The Fenton-Barbato documentary makes much of the judicial and law-enforcement politics surrounding Deep Throat. The Nixon Administration tried prosecuting the film from every angle —not surprising, since it was a popular porn movie produced by the Mafia. One federal agent quoted a Peraino underling as saying of the Deep Throat take: "We've got so much money ... we don't even count it any more.... We weigh it." The movie reports that "Deep Throat was made for just $25,000. It grossed more than $600 million." (That last stat is a flexible one, like a guy's street-corner boast about his penis size. It's a tough sell, considering that the movie was banned in 27 states and didn't play the major theater chains.) Whatever the gross, Damiano didn't see much of it. The Perainos told him he was cut out of his one-third share of profits. And you don't argue with the made men. In the documentary, three decades later, Damiano is still afraid to discuss the movie's mob connection.

There's some amusement in statements from 70s moral guardians —such as "It's a floodgate of filth that's engulfed the minds and hearts and souls of America like nothing else ever has" —especially when the speaker is convicted savings-and-loan embezzler Charles Keating. It's a pleasure to watch Reems stalwartly defend his work against the ferociously righteous Roy Cohn (later to die of AIDS after a life of secret gay sex). What isn't so funny is that a Memphis jury found Reems guilty of obscenity for appearing in Deep Throat. "For the first time in U.S. history," narrator Dennis Hopper notes, "an actor had been convicted for merely playing a part." His conviction was overturned on appeal (during the Carter Administration), but booze and drugs took their toll. Within a few years Harry ended up panhandling on Sunset Boulevard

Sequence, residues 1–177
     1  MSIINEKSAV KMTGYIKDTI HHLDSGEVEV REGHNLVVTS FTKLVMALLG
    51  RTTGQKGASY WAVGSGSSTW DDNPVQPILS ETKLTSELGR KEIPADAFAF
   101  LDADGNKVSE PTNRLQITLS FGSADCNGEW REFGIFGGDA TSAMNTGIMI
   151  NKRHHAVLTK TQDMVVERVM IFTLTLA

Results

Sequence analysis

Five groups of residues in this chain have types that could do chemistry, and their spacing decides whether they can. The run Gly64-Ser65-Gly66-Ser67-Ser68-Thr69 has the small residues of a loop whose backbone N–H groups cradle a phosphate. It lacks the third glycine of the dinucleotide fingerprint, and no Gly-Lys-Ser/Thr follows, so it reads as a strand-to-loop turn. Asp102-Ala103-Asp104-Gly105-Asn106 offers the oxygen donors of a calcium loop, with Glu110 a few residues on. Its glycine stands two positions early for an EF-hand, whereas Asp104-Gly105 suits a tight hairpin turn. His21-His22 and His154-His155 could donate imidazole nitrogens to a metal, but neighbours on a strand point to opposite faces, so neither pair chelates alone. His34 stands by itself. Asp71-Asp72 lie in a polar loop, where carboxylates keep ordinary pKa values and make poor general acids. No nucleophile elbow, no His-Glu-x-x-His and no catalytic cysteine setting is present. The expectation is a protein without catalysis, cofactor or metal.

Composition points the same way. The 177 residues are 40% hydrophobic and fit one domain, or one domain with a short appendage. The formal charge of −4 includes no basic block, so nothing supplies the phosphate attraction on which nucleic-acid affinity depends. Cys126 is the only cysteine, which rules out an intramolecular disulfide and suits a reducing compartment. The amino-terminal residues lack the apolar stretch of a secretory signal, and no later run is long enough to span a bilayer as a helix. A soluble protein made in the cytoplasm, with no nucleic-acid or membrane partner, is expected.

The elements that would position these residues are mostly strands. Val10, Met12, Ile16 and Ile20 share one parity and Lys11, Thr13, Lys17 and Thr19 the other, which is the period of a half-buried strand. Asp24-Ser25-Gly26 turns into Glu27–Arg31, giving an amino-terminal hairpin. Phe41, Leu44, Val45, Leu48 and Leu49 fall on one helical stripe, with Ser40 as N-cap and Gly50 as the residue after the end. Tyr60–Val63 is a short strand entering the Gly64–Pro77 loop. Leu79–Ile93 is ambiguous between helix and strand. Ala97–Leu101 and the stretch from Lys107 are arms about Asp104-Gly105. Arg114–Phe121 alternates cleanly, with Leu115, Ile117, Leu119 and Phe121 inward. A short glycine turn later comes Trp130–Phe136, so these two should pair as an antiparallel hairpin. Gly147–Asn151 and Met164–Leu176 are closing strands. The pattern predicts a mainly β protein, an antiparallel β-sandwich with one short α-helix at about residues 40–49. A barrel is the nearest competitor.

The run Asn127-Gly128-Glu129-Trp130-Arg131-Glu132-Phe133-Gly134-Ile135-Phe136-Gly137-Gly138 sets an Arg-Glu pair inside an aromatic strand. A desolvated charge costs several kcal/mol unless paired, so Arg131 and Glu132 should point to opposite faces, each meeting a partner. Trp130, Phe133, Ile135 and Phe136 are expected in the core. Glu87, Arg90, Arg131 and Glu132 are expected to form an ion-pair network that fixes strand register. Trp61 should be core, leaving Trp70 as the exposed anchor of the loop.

I don't question Inside Deep Throat's emphasis on the Nixon Administration's attempt to muzzle pornography. What I do know is that it didn't work. Publicly exhibited porn flourished for the next decade. New York City, certainly, was much more open in the Lindsay-Beame-and-Koch 70s than it would be in the Giuliani 90s. In the early days you could see such perverse eccentricities as Why, a Kronhausen documentary about a Danish farm girl, Bodil Joensen, who has sex with her livestock. That one I skipped.

But I did see most of the "major" porn films (a critic's got to do what a critic's got to do). And I found that the filmmakers were eager to explore all kinds of genres. The Mitchells made a Fanny Hill-style period comedy, Autobiography of a Flea. Low-rent auteur Zebedy Colt pornofied a Crucible-like period drama with The Devil Inside Her.) Peter Locke's It Happened in Hollywood was a Laugh-In-inspired skitcom; one funny turn featured a man-woman trapeze act called the Flying Fucks. These weren't always very good movies, but they were real ones, with earnest, sometimes accomplished actors, scripts that tried to be clever and increasingly professional production values. Just add screwing.

Recently, simply for you, dear reader, I saw some of them again. Here are thumbnail reviews of five:


Mona, 1970: The Jazz Singer of fuck films, Mona was pretty sure of itself for a lonely pioneer. It had a busy soundtrack: clavichord, old pop tunes, harmonica and jug band music, an Indian raga and a long audio extract from The Taming of the Shrew. It revealed Mona as a kind of fellatio virtuoso: when a guy she has solicited for a back-alley blow job tries to pay her, she replies daintily, "I didn't do it for money. I have a taste for these things." It boasts a piquant blend of tease and sympathy, and has a few laughs at its audience's expense. Mona says she's going to see a film, and Mother advises: "You be careful now. You don't know what kind of people are in a movie house nowadays."